Van Reeuwyk: Cancer tops Oprah, Obama and Bacon

It can take up to six degrees to connect to Bacon; most people can link to cancer in one foul swoop.

Cancer clobbers both Oprah and Obama in a Google fight.

It’s more powerful than Kevin Bacon.

It can take up to six degrees to connect to Bacon; most people can link to cancer in one foul swoop.

The Six Degrees of Kevin Bacon is a 1990s trivia-type game where any actor can be linked through film roles to fellow actor Bacon within six steps.

If cancer had an equation like the game about the Footloose star, I would need only a single step. So would most people I know.

There’s a one-in-three chance of developing cancer on this planet – dicey odds – and it’s not a surprise that most people are linked by a loved one and, at the most, by a friend of a friend.

In the game of cancer research I’m also a one – separated by only one degree in a pair of cancer research fundraisers. When Tour de Rock rolls into Sidney on Oct. 6, fellow Black Press employee Chris Bush, a photographer for the Nanaimo News Bulletin, will be among the spandex-wearing riders.

Technically, I think my second connection is twice as strong, or is that half? I’m not sure since it involves my twin cousins.

At family gatherings it takes a few minutes to decipher which twin is Marika, which is Simone. Noting their outfits helps; at 21 each twin is definitely an individual, they don’t even attend the same post-secondary institution, but recently they spent a weekend cycling together. Marika and Simone, a pair of former competitive swimmers who haven’t hopped on a bike since childhood, cycled from Vancouver to Seattle in The Ride to Conquer Cancer, in memory of their mother. The twins are part of an inspiring tale of hope amid the devastation of cancer.

They were just four years old when their mom, my Aunty Diana, lost her two-year battle with liver cancer in September 1994.

They have only fleeting memories of her: a trip to visit relatives in Singapore and her glowing smile. But she planned ahead for her children, leaving behind VHS tapes and photo albums, plus her memory in others who knew her. But their cancer connection doesn’t end there. Years later, another family close to theirs lost their father to a brain tumour.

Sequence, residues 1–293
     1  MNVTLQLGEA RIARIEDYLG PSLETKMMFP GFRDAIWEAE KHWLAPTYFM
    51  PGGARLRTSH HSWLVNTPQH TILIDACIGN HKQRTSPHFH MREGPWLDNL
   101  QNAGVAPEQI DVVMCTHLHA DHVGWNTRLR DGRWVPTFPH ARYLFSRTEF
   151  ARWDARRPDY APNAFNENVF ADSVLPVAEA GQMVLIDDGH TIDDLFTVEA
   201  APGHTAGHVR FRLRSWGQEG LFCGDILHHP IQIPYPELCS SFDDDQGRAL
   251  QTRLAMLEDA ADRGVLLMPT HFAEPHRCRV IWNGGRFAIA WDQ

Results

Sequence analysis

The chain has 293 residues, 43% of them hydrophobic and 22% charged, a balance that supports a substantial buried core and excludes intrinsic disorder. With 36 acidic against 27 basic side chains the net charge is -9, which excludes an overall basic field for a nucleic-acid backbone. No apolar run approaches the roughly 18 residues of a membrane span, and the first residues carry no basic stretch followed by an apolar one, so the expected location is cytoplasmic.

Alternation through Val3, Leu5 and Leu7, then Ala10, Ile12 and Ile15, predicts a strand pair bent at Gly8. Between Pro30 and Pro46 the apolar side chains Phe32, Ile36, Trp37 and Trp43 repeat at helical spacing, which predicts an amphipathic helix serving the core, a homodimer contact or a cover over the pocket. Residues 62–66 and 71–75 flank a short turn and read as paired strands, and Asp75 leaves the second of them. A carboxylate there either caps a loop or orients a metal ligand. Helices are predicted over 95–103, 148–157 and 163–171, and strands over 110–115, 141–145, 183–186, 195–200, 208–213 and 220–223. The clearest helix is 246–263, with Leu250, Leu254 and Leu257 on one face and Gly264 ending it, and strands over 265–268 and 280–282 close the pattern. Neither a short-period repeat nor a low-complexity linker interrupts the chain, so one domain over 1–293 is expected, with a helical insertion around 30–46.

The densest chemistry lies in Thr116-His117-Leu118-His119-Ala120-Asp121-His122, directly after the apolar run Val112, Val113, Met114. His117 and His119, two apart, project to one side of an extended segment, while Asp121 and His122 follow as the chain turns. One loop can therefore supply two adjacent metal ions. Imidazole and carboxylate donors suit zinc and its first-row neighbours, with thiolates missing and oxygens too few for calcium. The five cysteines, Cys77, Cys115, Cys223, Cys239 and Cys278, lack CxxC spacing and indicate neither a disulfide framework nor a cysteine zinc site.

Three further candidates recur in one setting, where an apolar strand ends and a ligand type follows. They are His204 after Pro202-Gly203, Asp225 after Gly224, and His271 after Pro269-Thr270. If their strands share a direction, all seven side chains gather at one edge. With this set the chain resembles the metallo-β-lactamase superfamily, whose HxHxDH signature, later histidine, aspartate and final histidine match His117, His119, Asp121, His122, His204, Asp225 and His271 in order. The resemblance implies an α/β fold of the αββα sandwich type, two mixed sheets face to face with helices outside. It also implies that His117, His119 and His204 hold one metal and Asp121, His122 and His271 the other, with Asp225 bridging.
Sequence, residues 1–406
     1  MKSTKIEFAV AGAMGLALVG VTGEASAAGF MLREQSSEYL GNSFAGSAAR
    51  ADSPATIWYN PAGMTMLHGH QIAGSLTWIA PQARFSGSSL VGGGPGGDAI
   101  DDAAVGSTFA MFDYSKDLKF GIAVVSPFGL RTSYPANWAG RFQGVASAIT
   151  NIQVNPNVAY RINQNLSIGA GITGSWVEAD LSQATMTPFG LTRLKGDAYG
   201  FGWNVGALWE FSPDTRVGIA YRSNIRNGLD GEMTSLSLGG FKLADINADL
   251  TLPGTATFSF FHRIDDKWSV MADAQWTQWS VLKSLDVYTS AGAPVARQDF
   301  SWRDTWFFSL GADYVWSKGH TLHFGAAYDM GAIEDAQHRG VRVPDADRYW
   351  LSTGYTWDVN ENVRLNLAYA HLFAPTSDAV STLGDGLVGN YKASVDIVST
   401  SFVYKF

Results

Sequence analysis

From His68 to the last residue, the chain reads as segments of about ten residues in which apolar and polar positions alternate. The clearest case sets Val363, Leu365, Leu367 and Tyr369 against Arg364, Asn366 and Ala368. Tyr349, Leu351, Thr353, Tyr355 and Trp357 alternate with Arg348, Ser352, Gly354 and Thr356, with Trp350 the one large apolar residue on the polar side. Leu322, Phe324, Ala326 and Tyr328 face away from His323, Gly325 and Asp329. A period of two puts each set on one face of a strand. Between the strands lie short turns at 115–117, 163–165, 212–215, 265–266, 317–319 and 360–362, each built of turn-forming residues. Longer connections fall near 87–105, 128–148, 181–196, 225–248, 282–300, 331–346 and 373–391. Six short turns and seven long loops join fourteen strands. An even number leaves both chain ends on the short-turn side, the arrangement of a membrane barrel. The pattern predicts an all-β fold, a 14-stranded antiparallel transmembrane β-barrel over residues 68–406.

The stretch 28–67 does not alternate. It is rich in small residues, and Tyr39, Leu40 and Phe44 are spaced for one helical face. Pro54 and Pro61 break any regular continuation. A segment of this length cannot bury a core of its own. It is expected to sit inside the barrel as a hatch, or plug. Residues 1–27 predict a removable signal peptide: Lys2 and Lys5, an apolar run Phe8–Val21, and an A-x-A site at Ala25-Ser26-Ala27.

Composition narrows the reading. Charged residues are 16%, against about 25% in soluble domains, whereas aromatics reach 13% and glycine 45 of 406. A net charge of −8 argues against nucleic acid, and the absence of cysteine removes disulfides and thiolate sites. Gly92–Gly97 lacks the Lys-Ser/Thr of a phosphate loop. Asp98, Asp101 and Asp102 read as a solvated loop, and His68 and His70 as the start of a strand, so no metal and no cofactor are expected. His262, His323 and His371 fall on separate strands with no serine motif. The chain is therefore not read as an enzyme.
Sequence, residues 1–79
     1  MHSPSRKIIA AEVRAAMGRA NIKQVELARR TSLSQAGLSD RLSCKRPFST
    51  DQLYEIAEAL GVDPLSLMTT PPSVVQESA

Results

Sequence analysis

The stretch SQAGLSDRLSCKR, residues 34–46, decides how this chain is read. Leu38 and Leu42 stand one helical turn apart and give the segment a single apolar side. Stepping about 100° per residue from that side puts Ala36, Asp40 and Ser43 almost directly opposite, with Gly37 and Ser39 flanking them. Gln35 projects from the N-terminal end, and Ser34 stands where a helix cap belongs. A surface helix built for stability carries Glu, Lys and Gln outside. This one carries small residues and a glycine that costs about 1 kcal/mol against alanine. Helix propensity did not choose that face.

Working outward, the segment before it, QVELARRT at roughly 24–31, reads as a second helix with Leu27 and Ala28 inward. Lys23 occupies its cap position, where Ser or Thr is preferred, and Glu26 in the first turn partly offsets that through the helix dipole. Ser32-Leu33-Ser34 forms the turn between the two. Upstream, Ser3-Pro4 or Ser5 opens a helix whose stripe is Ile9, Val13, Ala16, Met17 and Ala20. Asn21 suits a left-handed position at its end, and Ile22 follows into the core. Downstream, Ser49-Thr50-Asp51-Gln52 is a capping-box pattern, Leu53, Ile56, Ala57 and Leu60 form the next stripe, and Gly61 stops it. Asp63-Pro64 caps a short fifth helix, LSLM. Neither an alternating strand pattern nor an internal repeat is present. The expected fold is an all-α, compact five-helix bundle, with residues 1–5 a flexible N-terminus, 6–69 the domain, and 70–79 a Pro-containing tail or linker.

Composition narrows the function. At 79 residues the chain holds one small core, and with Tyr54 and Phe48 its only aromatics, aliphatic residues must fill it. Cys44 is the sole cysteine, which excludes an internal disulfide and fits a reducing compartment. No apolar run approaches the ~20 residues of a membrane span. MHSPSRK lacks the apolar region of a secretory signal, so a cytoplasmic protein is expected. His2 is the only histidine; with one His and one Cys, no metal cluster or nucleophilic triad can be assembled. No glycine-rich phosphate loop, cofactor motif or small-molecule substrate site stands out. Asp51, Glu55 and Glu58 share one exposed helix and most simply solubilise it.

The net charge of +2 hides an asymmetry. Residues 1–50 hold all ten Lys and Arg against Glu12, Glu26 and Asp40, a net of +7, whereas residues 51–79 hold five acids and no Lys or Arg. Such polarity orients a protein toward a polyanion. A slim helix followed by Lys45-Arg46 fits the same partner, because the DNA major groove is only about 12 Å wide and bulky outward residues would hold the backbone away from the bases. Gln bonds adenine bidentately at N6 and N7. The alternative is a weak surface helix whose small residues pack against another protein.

The similarities brought the two families close.

Their parents formed a bond, married and added a ninth sibling to the family.

It says something that two 20-something university students were willing to dedicate all that time in training, and the oh-so-valuable June weekend, to cycling for cancer research.

The sad truth is that the youth of today know the illness better than my generation ever did.

I didn’t deal with cancer until I lost my uncle and then my grandfather when I was 15.

At just eight-years-old, Kynan Smith will be among those needing toques this fall after shaving his head as the Tour de Rock wraps in Centennial Square in downtown Victoria.

The KELSET elementary student just wanted to help other kids and the odds are he won’t be alone; he may not even be the youngest.

The funds raised by Cops for Cancer Tour de Rock go to pediatric cancer research and programs for children with a history of cancer.

The Ride to Conquer Cancer benefits the B.C. Cancer Foundation with the goal to “accelerate the conquest of cancer.”

In other words they’d like “cure” to beat “cancer” in a Google fight.

Christin van Reeuwyk is a reporter with the Peninsula News Review

reporter@peninsulanewsreview.com

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